Most of us are still not using sunscreen
A study conducted by the Centers for Disease Control and Prevention published in the May issue of the Journal of the American Academy of Dermatology found that only 14% of men and 30% of women regularly use sunscreen on both their faces and other exposed skin.
For the article summary:
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Exposure to ultraviolet radiation (UVA and UVB) from the sun is a major risk factor for skin cancer. And because sun exposure is cumulative over your lifetime, it is even more important that we protect our skin on a regular basis. While the non-melanoma skin cancers, basal cell and squamous cell, are relatively easy to treat and rarely fatal, this is not the case for melanoma.
Melanoma is a cancer of the melanocytes in our skin, the cells that give our skin its color. Because of this, melanoma looks like a mole. According to the American Cancer Society, it accounts for about 2% of all skin cases, but the large majority of skin cancer deaths. In 2015 it is estimated that more than 70,000 people will be diagnosed with melanoma and 10,000 people will die of the disease.
All of us should regularly check our bodies, front and back, to become familiar with the moles we have so we know if any of them change or if a new one develops.
The early signs of melanoma are important to know, especially if you are among the 86% of men and 70% of women who do not use sunscreen on a regular basis.
These are the “ABCD’s” of melanoma:
A - Asymmetrical mole, that is - the shape of the mole is irregular. Non-cancerous mole are usually symmetrical.
B – Borders or edges of the mole are irregular, jagged looking, they aren’t smooth. Non-cancerous moles have smooth borders.
C – Coloration is different throughout the mole. Some may have different shades of the same color, i.e. shades of brown or tan or there may be areas of black, blue, brown, tan, etc.) Non-cancerous moles are usually one color throughout.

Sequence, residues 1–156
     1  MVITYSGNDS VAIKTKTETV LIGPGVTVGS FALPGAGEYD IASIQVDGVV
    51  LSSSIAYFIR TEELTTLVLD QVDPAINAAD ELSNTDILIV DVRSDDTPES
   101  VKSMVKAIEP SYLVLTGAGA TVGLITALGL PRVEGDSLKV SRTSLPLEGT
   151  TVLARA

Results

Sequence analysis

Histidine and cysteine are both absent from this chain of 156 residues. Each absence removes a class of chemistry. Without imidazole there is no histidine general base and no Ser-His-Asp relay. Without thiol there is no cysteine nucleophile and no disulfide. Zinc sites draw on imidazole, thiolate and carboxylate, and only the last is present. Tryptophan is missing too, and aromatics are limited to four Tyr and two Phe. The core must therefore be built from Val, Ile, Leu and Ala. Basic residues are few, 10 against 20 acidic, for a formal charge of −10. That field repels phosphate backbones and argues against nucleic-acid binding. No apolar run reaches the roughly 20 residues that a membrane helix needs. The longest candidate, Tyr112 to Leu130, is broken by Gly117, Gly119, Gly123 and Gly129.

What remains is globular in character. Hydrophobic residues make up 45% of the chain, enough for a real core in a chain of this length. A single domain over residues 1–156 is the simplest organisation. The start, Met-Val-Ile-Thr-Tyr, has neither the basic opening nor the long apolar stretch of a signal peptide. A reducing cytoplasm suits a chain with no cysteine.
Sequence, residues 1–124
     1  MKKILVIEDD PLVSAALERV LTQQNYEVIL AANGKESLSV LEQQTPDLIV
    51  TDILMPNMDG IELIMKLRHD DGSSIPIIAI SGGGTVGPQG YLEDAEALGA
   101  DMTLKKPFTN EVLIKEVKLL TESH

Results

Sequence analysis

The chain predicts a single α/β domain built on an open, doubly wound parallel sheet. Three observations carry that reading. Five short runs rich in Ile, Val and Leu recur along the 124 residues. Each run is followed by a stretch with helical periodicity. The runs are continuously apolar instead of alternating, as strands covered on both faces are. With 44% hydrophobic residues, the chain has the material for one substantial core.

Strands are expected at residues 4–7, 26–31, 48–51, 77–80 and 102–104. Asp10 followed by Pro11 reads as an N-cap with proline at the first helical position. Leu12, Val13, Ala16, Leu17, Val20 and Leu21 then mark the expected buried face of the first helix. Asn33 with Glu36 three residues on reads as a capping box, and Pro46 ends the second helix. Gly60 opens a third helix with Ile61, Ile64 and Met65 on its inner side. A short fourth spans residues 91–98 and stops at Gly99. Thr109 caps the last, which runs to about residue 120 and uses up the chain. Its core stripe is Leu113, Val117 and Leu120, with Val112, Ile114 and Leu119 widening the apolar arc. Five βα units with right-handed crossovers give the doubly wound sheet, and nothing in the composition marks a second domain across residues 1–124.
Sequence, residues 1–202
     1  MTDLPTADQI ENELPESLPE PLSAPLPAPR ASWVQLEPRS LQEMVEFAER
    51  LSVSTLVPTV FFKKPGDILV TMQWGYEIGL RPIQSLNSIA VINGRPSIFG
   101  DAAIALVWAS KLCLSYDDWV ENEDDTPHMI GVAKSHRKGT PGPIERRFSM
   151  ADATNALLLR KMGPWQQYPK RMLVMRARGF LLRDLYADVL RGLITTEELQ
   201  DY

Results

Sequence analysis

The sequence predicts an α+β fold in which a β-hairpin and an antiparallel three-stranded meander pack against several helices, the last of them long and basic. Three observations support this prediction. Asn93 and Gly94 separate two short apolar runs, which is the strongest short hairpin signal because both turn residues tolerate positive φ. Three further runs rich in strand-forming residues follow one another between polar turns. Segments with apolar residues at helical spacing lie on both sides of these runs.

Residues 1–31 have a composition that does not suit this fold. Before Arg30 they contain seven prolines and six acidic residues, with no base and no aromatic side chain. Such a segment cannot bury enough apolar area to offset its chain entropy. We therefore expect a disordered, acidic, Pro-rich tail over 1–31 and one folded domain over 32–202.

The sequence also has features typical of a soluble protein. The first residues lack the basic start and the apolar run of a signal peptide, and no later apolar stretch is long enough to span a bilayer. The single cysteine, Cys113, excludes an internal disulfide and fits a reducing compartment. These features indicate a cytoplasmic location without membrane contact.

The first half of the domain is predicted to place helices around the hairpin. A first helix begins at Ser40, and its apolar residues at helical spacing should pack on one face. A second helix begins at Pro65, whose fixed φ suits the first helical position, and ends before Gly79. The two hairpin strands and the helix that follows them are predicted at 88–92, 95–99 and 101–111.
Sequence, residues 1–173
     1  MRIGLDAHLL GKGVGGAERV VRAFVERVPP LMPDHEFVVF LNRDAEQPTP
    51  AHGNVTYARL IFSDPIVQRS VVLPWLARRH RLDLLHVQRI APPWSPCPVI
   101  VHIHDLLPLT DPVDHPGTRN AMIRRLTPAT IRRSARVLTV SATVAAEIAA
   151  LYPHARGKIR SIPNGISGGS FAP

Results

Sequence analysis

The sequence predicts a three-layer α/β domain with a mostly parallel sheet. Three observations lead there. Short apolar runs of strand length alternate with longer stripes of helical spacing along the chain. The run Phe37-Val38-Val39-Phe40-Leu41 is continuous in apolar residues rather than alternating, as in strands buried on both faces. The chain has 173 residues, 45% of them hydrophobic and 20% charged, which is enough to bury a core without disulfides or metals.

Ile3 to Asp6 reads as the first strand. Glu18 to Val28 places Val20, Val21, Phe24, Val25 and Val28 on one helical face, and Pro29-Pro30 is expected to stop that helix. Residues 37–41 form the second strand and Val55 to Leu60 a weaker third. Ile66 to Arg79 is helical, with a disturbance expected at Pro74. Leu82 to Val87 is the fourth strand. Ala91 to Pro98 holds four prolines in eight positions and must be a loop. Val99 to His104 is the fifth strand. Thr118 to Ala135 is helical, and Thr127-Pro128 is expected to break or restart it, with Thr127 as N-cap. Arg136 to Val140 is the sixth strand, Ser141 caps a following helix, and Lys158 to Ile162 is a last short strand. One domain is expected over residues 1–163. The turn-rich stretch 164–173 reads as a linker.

D – Diameter is greater than that of a pencil eraser (6mm). Non-cancerous moles are smaller than this.
If you notice a mole has changed in size, shape, color, has cracked, is itchy, bleeding or just doesn’t ‘look right’ the faster you have it checked by a dermatologist, the better. Early detection of melanoma can save your life.
In addition to sun exposure, the following also increase your risk of skin cancer:
Having naturally light hair (blonde, red) light eyes (blue, gray or hazel), fair skin and freckles.
Using tanning booths and tanning lamps, especially before the age of 30.
Tanning in general. Tanning is the body’s way of protecting itself from the sun’s radiation. Tanned skin is damaged skin.
Blistering sunburns, even one, especially during childhood.
Lifetime sun exposure. The more exposure, the greater the risk.
Family history. Having two or more close relatives (father, mother, siblings, child) with melanoma increases risk.
Certain medications. Medications that suppress the immune system (for example people who’ve had an organ transplant) certain antibiotics (tetracycline, doxycycline, Cipro) some heart medications, diuretics ( water pills), etc. Check with your pharmacist to find out if a medication you take increases your sensitivity to the sun.
To reduce your risk of skin cancer:
Use a broad spectrum (UVA and UVB protections) water proof sunscreen that has an SPF of 30 or more.
Check to make sure the sunscreen isn’t expired.
- Apply a thick layer of sunscreen (about the amount you can hold in the palm of your hand) to all exposed skin at least 15 minutes before going in the sun.
- Reapply sunscreen every two hours, immediately after swimming or heavy sweating.
- Use sunscreen even if it’s cloudy (clouds don’t block ultra violet radiation) and in the winter.
- Limit or eliminated your use of tanning booths.
- Know your family history.
- Have annual skin check-ups by a board certified dermatologist.
Keep in mind that tanned skin is not healthy – it’s damaged!
For pictures of the ABCD’s above:
For more information about cancer: